Thursday, June 21, 2018

Freedom Over Me (Ashley Bryan)

Author:  Ashley Bryan

Illustrator:  Ashley Bryan

Target Ages:  8 and up

Genre:  Poetry Historical Fiction

Awards: Coretta Scott King Author Honor, Coretta Scott King Illustrator Honor, Newbery Honor Book, Boston Globe/Horn Book Award

Publisher Summary: 
Imagine being looked up and down and being valued as less than chair. Less than an ox. Less than a dress. Maybe about the same as…a lantern.

You, an object. An object to sell.

In his gentle yet deeply powerful way, Ashley Bryan goes to the heart of how a slave is given a monetary value by the slave owner, tempering this with the one thing that CAN’T be bought or sold—dreams. Inspired by the actual will of a plantation owner that lists the worth of each and every one of his “workers,” Bryan has created collages around that document, and others like it. 

Sample Lines:
from “Peggy Dreams”
My knowledge makes me
hunger for more. 
Relieving the aches,
the pains,
the suffering
of the slaves
is my chief joy.

from “Athelia”
As slaves,
we do what our owners
expect and demand of us. 
As human beings,
our real lives are
our precious secret.

from “Mulvina Dreams”
Years of driven labor
have not driven
the ancestral thoughts
out of me. 
My memories of teaching—
surrounded by children,
singing songs of our history—
lives always with me.

I began by listening to the audio book (which I recommend). I was immediately mesmerized by this narrative. The different voices bring the characters to life. Then, I read the book again and again. It is really hard to know where to begin discussing this powerful collection of poems.

Author Ashley Bryan sketched out multidimensional characters based on a historical document he came across listing the financial assets of an antebellum south plantation which included several enslaved people. In this historical fiction work, the enslaved characters each have two poems. One describes their role and life on the plantation.  The other is a stream of conscious “dream” revealing their inner desires and our common humanity.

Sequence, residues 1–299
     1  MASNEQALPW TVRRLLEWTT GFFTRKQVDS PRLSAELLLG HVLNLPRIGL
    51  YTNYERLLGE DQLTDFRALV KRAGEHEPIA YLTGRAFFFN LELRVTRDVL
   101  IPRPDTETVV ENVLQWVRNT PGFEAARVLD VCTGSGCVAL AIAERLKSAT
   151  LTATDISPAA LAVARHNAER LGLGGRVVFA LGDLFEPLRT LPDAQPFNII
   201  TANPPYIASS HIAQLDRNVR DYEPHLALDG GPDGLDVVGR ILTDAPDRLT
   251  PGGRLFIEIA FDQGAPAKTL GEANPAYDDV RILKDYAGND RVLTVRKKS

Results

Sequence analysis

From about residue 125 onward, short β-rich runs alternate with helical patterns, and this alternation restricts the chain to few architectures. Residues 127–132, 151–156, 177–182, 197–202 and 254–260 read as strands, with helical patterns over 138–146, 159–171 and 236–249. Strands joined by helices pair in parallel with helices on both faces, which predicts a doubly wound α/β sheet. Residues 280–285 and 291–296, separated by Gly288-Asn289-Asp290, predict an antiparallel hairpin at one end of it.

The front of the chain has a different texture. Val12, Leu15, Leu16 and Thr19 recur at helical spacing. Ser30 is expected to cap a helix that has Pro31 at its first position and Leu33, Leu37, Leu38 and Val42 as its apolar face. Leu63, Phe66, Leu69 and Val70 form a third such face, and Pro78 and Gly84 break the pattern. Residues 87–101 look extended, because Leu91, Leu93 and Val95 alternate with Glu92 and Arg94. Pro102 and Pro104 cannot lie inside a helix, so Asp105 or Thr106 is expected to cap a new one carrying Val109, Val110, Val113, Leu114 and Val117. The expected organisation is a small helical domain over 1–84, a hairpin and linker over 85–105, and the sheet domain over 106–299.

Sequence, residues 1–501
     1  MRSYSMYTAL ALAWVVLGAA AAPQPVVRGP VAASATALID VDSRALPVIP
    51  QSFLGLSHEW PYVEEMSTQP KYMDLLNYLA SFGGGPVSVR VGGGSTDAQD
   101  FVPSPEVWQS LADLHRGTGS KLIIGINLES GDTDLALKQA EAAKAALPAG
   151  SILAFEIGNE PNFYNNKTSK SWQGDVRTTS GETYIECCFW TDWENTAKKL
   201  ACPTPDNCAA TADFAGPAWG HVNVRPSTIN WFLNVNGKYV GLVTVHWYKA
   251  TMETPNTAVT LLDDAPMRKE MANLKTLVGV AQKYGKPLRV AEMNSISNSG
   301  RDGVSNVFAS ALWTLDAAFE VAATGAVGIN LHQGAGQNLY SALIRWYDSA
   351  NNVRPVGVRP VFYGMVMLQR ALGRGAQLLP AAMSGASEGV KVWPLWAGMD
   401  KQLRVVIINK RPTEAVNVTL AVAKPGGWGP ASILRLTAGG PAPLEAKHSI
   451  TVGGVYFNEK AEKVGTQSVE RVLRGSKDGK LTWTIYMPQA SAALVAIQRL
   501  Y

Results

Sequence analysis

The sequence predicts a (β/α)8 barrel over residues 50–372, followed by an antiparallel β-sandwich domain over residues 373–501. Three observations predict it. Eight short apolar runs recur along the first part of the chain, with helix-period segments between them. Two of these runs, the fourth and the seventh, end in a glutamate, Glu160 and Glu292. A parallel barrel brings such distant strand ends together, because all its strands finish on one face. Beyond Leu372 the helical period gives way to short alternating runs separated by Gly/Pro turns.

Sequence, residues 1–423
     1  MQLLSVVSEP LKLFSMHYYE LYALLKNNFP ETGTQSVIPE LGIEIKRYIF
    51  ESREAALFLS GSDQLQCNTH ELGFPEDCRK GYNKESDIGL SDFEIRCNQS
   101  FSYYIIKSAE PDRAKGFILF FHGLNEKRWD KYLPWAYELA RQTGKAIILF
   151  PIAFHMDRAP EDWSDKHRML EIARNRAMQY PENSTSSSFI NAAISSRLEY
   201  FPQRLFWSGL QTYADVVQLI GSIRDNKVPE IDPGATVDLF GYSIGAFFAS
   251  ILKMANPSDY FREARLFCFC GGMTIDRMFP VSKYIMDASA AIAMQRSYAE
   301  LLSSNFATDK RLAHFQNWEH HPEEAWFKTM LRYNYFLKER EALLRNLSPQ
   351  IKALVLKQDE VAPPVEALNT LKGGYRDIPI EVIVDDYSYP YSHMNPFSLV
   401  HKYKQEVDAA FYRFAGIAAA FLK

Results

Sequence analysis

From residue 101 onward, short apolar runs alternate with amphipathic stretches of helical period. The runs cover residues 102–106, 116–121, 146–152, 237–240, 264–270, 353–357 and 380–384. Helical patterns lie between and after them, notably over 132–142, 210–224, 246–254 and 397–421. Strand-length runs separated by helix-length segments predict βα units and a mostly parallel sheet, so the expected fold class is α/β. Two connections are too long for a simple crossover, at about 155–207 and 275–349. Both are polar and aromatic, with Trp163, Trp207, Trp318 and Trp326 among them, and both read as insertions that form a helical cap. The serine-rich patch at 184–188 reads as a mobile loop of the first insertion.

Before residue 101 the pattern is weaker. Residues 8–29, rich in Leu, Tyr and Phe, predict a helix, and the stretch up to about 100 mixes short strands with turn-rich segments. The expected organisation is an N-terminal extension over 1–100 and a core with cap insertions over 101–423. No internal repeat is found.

The central theme woven throughout is a deep longing for freedom and autonomy.  A couple powerful lines epitomize this universal desire: “Owners of the slaves think reading would give us ideas of freedom.  We know that whether we can read or not, we all want to be free.”

In addition, the characters’ unique skills and talents as well as their love for others resonate beyond race, culture, and class. Their feelings of pride for who they are and what they add to the world round out their character profiles.  

In addition, the poems illustrate the importance of their African heritage.  Some of them were born in Africa, so they still have the memories.  Those who are American born are inspired by the stories of their ancestral home.

The stunning watercolor paintings capture the characters' resilience and beauty. Hope, love, and creativity shine through despite living in the worse possible circumstances. Readers or all ages must experience Freedom Over Me.

Historical Connections:
African Kidnapping
Traveling the Middle Passage
Slavery and the American South
Slave Resistance and Runaways
Antebellum Southern Plantations

It is Poetry Friday!  Visit Michelle Kogan's Blog for more great poems.


  1. I have this and it is powerful, poems and illustrations, too. The different points of view help with the different approaches/feelings. Every classroom needs to have it. Thanks!

  2. Appreciations for sharing Ashley Bryan. Several of his books are among those I've shared with the first-graders I volunteer with. They love looking his his vibrant colors. When I show them his photograph their eyes light, because they share the same skin color. His large, unusual puppets, his studio open houses in Maine are all something that makes me see so much possibility for them.

  3. Thank you for sharing! This book is new to me, but it looks powerful. The lines you share are beautiful, as are the illustrations.

  4. Thank you for recommending the audiobook. It sounds very powerful.

  5. I do love this book so much. I got it for my library...the work of love that went into it's creation is as beautiful as the story. And, the illustrations are amazing. Thank you for highlighting this beauty.

  6. I love the art and poetry in this book. Can't wait to use it with sixth graders this year!

  7. Thanks for sharing this powerful and timely book with us. I'm familiar with Ashley Bryan's art-the art here is rich, and look forward to reading "Freedom Over Me"


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